In this brief report, Syrians for Truth and Justice (STJ) documents the ongoing recruitment of male and female teenagers in northeastern Syria, which is under the military and administrative control of the Autonomous Administration and their affiliated Syrian Democratic Forces (SDF), which are backed by the Global Coalition against Daesh.
The report builds on information that STJ collected over October, November, and December 2021, pertaining to both recruitment cases and perpetrators. Field researchers with STJ recorded and verified the recruitment of at least 17 minors in northeastern Syria and the al-Shahbaa area in Aleppo’s northern countryside. The child recruits included nine boys and eight girls. Only one child was returned safely home, while the fate of the remaining 16 continues to be unknown.
As for the perpetrators, the field researchers reported that the Revolutionary Youth (RY) carried out all documented recruitments. Notably, the RY is licensed by the Autonomous Administration and is locally known as Taveras Ciwanên Şoreşger. The RY was established in 2011 and despite the founders’ efforts to promote the group as an independent entity, it has been administratively affiliated with the Democratic Union Party (PYD).
The RY consists of young men and women who supposedly organize youth-aimed cultural, artistic, sport, and social events. However, in contradiction to their advertised activities, the RY has been associated with a wide range of violations, including the recruitment of child soldiers.
The latest registered recruitments did not go unnoticed and activated the local community. In response to the RY violations, the parents of the child recruits organized a protest, demanding that the RY demobilize their children and return them home.
To back the findings of this report, STJ will publish an additional report on child recruitments in the areas controlled by the Autonomous Administration, probing into enlistments carried out between January and December 2021.
STJ recommends the Autonomous Administration and the SDF:
- Demonstrate transparency and a full commitment to the agreements they signed, either with Geneva Call, in July 2014, or with the UN, in late June 2019, to prevent the recruitment and use of children in military operations.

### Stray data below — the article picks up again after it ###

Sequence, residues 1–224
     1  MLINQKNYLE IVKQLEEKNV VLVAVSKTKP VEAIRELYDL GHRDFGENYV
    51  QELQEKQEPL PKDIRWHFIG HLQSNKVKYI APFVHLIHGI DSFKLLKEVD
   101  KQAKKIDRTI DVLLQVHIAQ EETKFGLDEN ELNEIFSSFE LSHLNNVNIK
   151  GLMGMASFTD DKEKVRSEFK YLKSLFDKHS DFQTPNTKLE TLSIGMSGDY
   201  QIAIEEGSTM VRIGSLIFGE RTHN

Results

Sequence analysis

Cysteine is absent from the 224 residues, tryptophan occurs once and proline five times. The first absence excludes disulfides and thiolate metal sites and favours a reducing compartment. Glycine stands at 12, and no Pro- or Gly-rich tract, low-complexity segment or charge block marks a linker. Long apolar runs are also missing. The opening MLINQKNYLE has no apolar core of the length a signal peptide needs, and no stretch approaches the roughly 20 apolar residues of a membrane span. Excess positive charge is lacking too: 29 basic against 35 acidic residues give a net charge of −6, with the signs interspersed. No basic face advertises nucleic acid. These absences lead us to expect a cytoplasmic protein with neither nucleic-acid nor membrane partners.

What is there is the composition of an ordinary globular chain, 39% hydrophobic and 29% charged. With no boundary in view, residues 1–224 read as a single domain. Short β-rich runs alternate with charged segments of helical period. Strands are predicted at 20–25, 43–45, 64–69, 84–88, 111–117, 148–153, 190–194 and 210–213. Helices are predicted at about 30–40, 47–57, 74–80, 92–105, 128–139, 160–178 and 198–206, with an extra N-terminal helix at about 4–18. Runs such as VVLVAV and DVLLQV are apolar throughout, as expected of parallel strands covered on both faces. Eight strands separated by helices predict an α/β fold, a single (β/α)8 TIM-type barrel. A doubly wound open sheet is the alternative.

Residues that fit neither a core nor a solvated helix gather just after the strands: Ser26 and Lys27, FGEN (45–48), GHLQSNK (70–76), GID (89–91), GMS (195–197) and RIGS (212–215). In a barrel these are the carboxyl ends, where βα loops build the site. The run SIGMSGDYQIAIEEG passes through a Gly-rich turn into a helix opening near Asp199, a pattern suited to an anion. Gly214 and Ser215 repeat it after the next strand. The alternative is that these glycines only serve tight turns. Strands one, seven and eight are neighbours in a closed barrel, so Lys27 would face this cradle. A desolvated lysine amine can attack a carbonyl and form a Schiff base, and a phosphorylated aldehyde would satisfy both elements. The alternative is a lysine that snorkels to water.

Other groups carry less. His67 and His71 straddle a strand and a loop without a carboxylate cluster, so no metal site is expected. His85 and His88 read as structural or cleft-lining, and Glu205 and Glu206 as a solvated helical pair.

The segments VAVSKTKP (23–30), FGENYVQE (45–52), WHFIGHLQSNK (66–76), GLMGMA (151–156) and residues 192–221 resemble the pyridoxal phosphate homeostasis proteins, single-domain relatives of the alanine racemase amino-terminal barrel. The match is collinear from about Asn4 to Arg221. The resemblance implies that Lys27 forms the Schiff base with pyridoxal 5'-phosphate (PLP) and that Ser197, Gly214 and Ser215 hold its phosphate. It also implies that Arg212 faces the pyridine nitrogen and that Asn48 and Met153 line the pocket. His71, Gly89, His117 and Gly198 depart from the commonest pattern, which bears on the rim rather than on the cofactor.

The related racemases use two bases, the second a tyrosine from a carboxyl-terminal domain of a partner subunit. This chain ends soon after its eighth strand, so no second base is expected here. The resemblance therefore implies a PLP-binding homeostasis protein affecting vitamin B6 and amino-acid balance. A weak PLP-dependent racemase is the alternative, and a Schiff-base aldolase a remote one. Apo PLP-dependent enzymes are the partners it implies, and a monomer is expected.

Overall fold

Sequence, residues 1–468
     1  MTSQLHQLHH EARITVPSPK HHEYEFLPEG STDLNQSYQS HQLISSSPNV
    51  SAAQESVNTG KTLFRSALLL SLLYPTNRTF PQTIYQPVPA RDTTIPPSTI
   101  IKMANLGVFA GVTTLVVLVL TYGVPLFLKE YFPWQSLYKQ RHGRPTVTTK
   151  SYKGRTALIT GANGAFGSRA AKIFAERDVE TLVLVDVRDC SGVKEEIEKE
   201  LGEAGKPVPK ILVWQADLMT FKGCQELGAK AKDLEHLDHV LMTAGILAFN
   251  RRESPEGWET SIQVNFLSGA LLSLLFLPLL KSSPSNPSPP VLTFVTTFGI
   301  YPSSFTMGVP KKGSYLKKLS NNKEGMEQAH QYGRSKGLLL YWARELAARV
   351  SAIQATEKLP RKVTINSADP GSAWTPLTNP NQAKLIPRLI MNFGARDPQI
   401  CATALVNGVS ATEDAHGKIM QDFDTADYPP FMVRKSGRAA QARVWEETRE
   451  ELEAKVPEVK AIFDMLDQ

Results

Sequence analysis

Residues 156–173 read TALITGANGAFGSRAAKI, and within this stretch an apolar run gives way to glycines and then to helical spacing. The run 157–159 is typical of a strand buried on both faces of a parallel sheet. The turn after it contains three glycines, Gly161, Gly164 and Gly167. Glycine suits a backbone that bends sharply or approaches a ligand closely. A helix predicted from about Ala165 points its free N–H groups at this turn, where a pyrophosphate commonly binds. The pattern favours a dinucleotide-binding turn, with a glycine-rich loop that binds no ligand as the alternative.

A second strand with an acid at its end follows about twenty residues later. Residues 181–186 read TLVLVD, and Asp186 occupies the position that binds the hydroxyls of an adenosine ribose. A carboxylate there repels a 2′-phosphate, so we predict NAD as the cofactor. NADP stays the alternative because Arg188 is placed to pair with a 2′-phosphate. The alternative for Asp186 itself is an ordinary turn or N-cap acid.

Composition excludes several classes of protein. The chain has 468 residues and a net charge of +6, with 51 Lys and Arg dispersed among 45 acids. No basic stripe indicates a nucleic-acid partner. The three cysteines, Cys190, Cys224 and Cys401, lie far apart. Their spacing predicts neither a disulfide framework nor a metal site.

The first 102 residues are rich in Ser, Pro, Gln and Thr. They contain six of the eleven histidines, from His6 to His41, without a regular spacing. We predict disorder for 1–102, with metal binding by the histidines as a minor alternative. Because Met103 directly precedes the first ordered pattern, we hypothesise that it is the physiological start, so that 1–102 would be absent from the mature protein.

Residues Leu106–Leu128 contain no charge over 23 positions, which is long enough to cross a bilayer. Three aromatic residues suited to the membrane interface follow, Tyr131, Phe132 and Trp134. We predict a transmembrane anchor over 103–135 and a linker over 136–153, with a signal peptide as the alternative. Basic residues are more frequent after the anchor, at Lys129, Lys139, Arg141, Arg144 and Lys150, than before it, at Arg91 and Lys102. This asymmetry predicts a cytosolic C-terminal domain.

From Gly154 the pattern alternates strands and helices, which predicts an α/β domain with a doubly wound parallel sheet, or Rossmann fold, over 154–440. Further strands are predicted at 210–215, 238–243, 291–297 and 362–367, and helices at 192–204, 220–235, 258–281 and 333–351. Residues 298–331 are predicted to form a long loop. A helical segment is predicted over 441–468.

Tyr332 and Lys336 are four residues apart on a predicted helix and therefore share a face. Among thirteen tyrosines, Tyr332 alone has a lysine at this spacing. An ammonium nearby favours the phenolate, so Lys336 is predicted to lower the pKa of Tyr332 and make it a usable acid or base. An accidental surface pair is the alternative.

- Immediately demobilize child soldiers and reunite them with their families and put those at risk of home violence in the care of the responsible civilian authorities.
- Monitor the functioning of the Office for the Protection of Children in Armed Conflicts in receiving complaints related to child recruitment and handling them and to take punitive measures against those found indulged in child recruitment, including al-Shabiba al-Thawria/the Revolutionary Youth and Young Women’s Union.
- Dissolve the groups and organizations recruiting children, primarily the al-Shabiba al-Thawria/the Revolutionary Youth and the Young Women’s Union and to hold all parties (individuals and entities) involved in such acts accountable.
Girls Ripped from Their Parents
On 17 December 2021, the RY recruited a teenage girl, F. J. Kashtan, 15, in Kouran village, in the countryside of Kobanî/Ayn al-Arab city. Investigating the incident, STJ reached out to the girl’s family. One of the girl’s relatives said that Kashtan’s parents referred to the concerned departments of the Autonomous Administration, but they failed to bring their daughter home. The relative narrated:
“When we referred to an RY-affiliated center in Kobanî city, the officers in charge told us that they had our daughter in their custody. However, they refused to demobilize her even though we presented them with documents confirming she is still a minor.”
In addition to Katshtan, STJ discovered that the RY recruited three other girls in Amuda city on 21 November 2021: A. Ibrahim(15), H. Antar (16), and A. Khalil(15).
STJ spoke to Antar’s mother, Sabah Antar, who said that her daughter was recruited and relocated from Amuda to Qamishli/Qamishlo city even though she is a minor. The mother recounted: